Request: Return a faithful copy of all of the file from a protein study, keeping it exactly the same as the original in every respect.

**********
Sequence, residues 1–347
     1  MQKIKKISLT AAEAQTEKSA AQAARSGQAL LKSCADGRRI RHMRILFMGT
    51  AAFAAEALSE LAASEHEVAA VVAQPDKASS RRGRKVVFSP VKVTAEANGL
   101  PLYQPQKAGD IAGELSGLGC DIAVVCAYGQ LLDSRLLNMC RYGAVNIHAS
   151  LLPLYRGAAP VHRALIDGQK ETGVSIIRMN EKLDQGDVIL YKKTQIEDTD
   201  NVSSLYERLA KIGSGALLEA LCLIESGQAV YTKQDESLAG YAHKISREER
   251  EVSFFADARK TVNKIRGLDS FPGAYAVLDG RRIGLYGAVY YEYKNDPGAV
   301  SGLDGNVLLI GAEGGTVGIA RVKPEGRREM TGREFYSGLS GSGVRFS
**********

Sequence, residues 1–347
     1  MQKIKKISLT AAEAQTEKSA AQAARSGQAL LKSCADGRRI RHMRILFMGT
    51  AAFAAEALSE LAASEHEVAA VVAQPDKASS RRGRKVVFSP VKVTAEANGL
   101  PLYQPQKAGD IAGELSGLGC DIAVVCAYGQ LLDSRLLNMC RYGAVNIHAS
   151  LLPLYRGAAP VHRALIDGQK ETGVSIIRMN EKLDQGDVIL YKKTQIEDTD
   201  NVSSLYERLA KIGSGALLEA LCLIESGQAV YTKQDESLAG YAHKISREER
   251  EVSFFADARK TVNKIRGLDS FPGAYAVLDG RRIGLYGAVY YEYKNDPGAV
   301  SGLDGNVLLI GAEGGTVGIA RVKPEGRREM TGREFYSGLS GSGVRFS